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It's important to keep your child up to date with vaccinations, and it's natural to want to make the shots hurt less. Fortunately, a little love and distraction can go a long way, especially with your baby or toddler. Here are tips for what you can do before, during, and after shots to make the experience as comfortable as possible for your little one.
What you can do before shots
Schedule immunizations thoughtfully. Most reactions happen in the evening right after the shots. If your child does have a reaction to a shot, you'll want to be close to home. (The MMR vaccine, however, can trigger a fever or rash seven to 10 days after the injection, and some children may be a little ill for a day or two.)
Ask about combination vaccines. Some vaccines can be combined to reduce the total number of shots your child gets. One such vaccine, called Pentacel, combines the vaccines for diphtheria, tetanus, and pertussis (DTaP); Hib; and polio. Talk to the doctor about whether combination vaccines are an option.
Bring a lovey. If your child has a comfort object, such as a favorite blanket or toy, bring it along.
Give your baby something sweet. Studies of babies show that a sucrose solution can reduce acute pain. If you don't breastfeed (see below), ask the doctor about giving your baby (up to 12 months old) a sucrose solution before the shot. Another option is to dip a pacifier into the solution and let her suck on it while she's getting a shot.
What you can do to comfort your child while he's getting a shot
Hold your child. Ask the nurse what position works best. Comforting positions include cradling your baby with one of his arms behind you and gently holding his other arm, so that it doesn't flail while he's getting his shot. You can have your toddler sit in your lap, facing you and hugging chest to chest during the shot. No matter which position you use, it's important to keep your child still to minimize pain and prevent him from reaching for the needle.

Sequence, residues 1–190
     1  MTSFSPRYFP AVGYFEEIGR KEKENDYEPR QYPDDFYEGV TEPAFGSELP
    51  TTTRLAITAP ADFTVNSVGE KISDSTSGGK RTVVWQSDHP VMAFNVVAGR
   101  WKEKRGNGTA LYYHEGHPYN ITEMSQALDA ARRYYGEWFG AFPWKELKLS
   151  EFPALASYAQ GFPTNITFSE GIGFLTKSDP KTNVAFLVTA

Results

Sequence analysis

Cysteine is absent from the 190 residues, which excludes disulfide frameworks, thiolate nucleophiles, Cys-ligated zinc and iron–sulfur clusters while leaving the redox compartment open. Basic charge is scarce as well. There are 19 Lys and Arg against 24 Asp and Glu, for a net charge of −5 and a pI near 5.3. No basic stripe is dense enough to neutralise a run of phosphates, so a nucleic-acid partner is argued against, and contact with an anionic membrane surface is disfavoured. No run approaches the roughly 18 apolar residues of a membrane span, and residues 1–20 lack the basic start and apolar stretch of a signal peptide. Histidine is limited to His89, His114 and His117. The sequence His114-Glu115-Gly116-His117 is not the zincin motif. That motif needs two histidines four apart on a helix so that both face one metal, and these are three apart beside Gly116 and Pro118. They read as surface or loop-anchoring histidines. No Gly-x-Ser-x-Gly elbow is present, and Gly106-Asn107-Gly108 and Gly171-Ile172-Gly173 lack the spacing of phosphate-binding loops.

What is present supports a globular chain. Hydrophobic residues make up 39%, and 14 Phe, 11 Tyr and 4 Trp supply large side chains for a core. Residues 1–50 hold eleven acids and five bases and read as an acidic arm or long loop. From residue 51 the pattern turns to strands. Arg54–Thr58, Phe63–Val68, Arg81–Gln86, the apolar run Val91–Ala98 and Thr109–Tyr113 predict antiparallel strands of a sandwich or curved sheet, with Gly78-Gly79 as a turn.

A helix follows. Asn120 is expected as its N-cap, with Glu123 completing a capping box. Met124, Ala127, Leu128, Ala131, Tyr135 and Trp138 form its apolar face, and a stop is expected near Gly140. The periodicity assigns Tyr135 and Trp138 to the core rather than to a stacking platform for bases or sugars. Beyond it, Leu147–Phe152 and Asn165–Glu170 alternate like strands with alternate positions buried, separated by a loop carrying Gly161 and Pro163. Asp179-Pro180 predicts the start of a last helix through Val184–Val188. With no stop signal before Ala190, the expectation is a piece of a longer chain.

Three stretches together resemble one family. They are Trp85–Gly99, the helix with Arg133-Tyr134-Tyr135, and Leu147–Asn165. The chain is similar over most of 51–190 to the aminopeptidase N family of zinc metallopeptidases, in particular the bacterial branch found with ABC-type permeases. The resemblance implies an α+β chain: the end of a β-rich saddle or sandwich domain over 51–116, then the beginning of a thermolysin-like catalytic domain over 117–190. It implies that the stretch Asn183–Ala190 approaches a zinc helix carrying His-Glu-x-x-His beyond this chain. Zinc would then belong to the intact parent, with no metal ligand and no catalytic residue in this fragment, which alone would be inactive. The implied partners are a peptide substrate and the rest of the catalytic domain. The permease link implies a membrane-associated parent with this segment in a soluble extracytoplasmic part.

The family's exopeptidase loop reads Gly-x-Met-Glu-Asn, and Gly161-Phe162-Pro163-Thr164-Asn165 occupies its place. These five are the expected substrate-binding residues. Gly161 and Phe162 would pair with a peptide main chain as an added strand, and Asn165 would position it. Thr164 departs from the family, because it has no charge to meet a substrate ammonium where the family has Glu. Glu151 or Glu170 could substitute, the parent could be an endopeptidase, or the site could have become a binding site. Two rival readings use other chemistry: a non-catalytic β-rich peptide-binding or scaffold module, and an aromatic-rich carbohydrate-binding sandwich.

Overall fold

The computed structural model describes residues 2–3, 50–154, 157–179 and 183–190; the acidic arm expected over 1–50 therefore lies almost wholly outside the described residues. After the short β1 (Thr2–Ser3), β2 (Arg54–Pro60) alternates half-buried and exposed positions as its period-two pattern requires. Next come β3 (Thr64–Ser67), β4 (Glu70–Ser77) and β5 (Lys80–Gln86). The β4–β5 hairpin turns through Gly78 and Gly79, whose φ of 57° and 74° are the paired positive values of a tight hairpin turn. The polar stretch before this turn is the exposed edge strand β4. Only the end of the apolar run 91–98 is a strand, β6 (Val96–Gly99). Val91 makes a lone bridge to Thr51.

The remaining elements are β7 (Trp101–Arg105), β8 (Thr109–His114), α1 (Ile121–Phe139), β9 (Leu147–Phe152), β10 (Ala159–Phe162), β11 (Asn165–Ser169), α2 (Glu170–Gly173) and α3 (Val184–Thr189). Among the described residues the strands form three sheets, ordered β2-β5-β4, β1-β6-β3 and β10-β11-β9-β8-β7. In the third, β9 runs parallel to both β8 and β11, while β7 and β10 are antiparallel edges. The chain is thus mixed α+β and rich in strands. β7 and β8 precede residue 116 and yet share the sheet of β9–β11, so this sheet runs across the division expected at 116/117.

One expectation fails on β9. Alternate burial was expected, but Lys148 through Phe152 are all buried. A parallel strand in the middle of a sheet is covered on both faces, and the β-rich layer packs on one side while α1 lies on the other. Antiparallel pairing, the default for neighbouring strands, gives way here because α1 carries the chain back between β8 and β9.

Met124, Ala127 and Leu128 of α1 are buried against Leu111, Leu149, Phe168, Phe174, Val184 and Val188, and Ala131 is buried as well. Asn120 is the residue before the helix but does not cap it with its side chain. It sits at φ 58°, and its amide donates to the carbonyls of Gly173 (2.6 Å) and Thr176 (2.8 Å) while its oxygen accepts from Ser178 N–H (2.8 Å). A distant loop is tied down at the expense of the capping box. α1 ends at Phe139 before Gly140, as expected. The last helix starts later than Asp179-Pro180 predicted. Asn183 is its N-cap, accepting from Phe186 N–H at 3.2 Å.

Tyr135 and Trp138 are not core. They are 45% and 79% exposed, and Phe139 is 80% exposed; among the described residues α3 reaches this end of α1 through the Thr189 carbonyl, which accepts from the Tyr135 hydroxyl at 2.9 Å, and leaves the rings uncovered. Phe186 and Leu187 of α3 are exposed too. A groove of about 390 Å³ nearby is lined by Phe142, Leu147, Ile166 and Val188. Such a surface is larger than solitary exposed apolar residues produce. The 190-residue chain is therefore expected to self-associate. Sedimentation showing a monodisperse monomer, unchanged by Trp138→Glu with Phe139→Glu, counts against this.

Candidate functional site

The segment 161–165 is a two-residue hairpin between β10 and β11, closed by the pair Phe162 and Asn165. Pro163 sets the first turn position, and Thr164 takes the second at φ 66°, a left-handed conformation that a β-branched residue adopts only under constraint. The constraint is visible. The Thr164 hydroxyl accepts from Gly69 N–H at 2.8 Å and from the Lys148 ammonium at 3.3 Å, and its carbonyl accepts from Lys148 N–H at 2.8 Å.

Breastfeed. Breastfeeding during shots is a powerful pain reliever, because it combines cuddling, skin-to-skin contact, sucking, and a sweet taste – all soothing antidotes to the poke of the needle. Position your baby so the nurse can easily access the injection site and you can hold him still (see above).
Give your child something to suck. If you're not breastfeeding, having your child drink from a bottle or sippy cup, or suck on a pacifier, can be soothing.
Stay calm. Your child can pick up on your anxiety and distress. For his sake, take a deep breath and reassure yourself that you're taking good care of him.
Can the doctor numb my child's skin to make the shots hurt less?
There are mixed opinions about whether numbing or cooling the skin effectively reduces the pain of a needle prick. If you're interested in trying one of these options, talk to the doctor before the shot appointment.
Numbing cream: Some studies show that topical anesthetic creams – such as lidocaine – can help reduce pain at the injection site both during the injection and after. Some are sold over the counter, and others – such as EMLA – require a prescription.
If you're using a numbing cream:
- Get it in advance.
- Ask where on the body the shot will be given, so you can apply the numbing cream to the right spot.
- Get directions for the specific product. For example, find out how much to use.
- Apply the numbing cream about an hour or so, depending on the product, before the shot appointment.
- Wash it off afterward as directed.
Cooling spray: These sprays (some of which also contain lidocaine) provide an immediate cooling sensation on the skin. There isn't enough evidence to confirm how well these work, however.
Ice: There isn't evidence that applying ice to numb the skin before a shot helps.
Do pain signal-blocking devices make shots hurt less work?
There are differing opinions about the effectiveness of these devices and whether they're worth the extra step. If you're interested, talk to the doctor before bringing one to the shot appointment. Options include:
- The ShotBlocker, which has small, round plastic nubs that are pressed into the skin around the injection site. The sensation helps distract your shild from the needle pain.
- The Buzzy device, which vibrates to help reduce pain. The device is held on the injection site for 30 to 60 seconds right before the shot is given, then it's secured right above where the needle goes in when the shot is given. Some kids don't like the buzzing sensation.
Ways to comfort your child after a shot
Let your baby suck. Breastfeed, or offer a pacifier or a bottle. Swaddling may also soothe your baby.
Offer juice. If your child is 6 months or older, a sweet beverage can help soothe her.
Distract. Rock your child, talk or sing to him, or dance him around the room.
Apply a cool, damp cloth. If the site seems swollen and sore when you get home, this may help.
Give acetaminophen after shots, but not before
Do not give your child acetaminophen before shots. This is no longer recommended because studies have shown that acetaminophen may decrease the vaccinations' effectiveness.
If your child has pain or a fever that evening, you can give a dose of acetaminophen then.
If your child develops more than a mild fever (about 102 degrees F or higher) or any other symptoms that concern you, give his doctor a call. If your baby is younger than 3 months, call the doctor if he develops even a mild fever.